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Vote under occupation

Print edition : Feb 25, 2005 T+T-

The question of legitimacy of the January 30 elections in Iraq comes under sharp focus even as the Bush administration claims "victory" for democracy in the country.

in Manama

CITING the participation of millions of Iraqis in the January 30 elections, the Bush administration was quick to claim victory. Soon after the polling stations closed down, President George Bush said the elections were a "resounding success" and "Iraqis have shown their commitment to democracy".

The Americans have been projecting the elections as a referendum that legitimises their invasion and occupation of Iraq. American officials have touted the high voter turnout to reinforce their point.

Even before the voting had closed, the Iraqi Electoral Commission announced that a 72 per cent turnout was recorded. Within hours, it backtracked. In a statement, the Commission said that "these figures (of 72 per cent polling) are only very rough, word-of-mouth estimates gathered informally from the field. It will take some time for the Independent Electoral Commission of Iraq to release accurate figures on turnout." But Commission spokesman Farid Ayar indicated that around eight million people, or about 60 per cent of the registered voters, might have voted.

While the Iraqi Shias in the south and the Kurds in the north voted in large numbers, the estimates of voter turnout are questionable. International journalists were permitted to enter only five polling stations in Baghdad. Four of these were in the Shia neighbourhood where a high percentage of voting was expected.

The Electoral Commission's estimate of around 60 per cent polling is also misleading. The figure is based on the assumption that eight million out of the 14 million eligible voters cast their ballots. However, the figure of 14 million itself is erroneous. Iraq has 14 million registered voters, but the actual number of eligible voters stands at 18 million. Similarly, the claim of a very high voter turnout among Iraqi exiles does not stand scrutiny. Out of about 1.2 million Iraqis abroad, only 280,000 were registered voters. Among these, several thousands did not vote.

In any case, a high voter turnout does not legitimise alien occupation. For instance, the voter turnout in the 1967 presidential election under U.S. occupation in South Vietnam was even higher. Writing in The New York Times on September 4, 1967, Peter Grose reported: "United States officials were surprised and heartened today at the size of turnout in South Vietnam's presidential election despite a Vietcong terrorist campaign to disrupt the voting. According to reports from Saigon, 83 per cent of the 5.85 million registered voters cast their ballots yesterday. Many of them risked reprisals threatened by the Vietcong." The article added: "A successful election has long been seen as the keystone in President Johnson's policy of encouraging the growth of constitutional processes in South Vietnam... . The purpose of the voting was to give legitimacy to the Saigon government..."

Contrary to American perceptions, most Iraqis voted not because they supported the occupation. The Shias appeared at the polling stations because they have historically been denied power in Iraq despite their majority status inside the country. In a community that is highly religious, the top Shia spiritual leader, Grand Ayatollah Ali al Sistani, who issued a fatwa asking his followers to vote, contributed significantly to the high voter turnout. Writing after the elections, independent journalist Dahr Jamail noted: "Every Iraqi I have spoken with who voted explained that they believe the National Assembly which will be formed soon will signal an end to the occupation. And they expect the call for a withdrawing of foreign forces in their country to come sooner rather than later. This causes one to view the footage of cheering, jubilant Iraqis in a different light."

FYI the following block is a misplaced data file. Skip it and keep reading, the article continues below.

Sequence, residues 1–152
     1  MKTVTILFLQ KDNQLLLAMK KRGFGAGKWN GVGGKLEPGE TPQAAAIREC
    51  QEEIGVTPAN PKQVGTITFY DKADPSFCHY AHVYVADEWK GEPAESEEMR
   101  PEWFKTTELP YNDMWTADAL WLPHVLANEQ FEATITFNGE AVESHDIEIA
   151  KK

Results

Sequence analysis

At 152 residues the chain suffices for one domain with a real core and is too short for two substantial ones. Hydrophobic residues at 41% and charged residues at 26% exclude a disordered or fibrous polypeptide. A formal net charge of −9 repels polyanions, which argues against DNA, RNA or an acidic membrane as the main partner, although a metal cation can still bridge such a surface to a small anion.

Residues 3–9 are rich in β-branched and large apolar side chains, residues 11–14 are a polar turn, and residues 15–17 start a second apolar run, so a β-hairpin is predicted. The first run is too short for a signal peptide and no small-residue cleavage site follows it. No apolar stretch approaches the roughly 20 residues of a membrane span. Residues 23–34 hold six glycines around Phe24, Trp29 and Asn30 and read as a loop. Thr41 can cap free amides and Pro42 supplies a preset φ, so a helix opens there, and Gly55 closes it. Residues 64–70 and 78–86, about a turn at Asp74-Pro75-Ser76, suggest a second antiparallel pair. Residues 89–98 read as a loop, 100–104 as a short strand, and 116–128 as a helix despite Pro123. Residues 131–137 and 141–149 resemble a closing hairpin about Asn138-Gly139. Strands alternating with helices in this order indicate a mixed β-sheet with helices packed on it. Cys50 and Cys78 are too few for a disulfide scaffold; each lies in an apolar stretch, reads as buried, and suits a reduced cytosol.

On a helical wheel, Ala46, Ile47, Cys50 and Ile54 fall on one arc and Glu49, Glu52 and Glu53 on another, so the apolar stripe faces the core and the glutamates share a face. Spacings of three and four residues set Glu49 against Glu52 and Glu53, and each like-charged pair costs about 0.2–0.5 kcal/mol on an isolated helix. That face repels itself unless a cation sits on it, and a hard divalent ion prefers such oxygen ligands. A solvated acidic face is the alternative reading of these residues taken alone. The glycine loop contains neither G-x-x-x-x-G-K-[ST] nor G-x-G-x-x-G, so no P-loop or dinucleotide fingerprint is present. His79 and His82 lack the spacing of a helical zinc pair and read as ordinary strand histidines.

Many people voted also because they desire a better life, which includes an end to daily violence, the availability of clean water, electricity and decent schooling for their children. Robert Jensen, a West Asia specialist who teaches at the University of Texas told Frontline: "Most Iraqis understand the invasion was about extending and deepening U.S. control over the region, and they want the United States gone."

Notwithstanding the Anglo-American spin on the polls, the legitimacy of the January 30 elections has been openly questioned both in terms of international law and on grounds of the methodology that was adopted for their conduct.

The American academician Phyllis Bennis points out: "The Hague Convention of 1907, to which the U.S. is a signatory, prohibits the occupying power from creating any permanent changes in the government of the occupied territory. These elections (in Iraq) were arranged under an electoral law and by an electoral commission installed and backed by the occupying power."

Besides, other fundamentals associated with free and fair polling were ignored in the case of Iraq. Voters did not know the names of the candidates in advance because of the violence. Three days before polling, the entire country was shut down. Curfews and shoot-at-sight orders were in place, the airport was closed, and the borders were sealed.